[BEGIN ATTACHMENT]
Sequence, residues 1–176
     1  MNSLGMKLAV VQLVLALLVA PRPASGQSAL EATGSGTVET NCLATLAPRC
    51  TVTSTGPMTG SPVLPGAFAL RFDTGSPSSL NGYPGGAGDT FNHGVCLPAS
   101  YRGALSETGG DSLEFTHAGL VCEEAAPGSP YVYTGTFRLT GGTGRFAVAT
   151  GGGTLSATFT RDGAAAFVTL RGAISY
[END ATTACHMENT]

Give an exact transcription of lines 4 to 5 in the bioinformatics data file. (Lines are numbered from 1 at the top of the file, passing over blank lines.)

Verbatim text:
   101  YRGALSETGG DSLEFTHAGL VCEEAAPGSP YVYTGTFRLT GGTGRFAVAT
   151  GGGTLSATFT RDGAAAFVTL RGAISY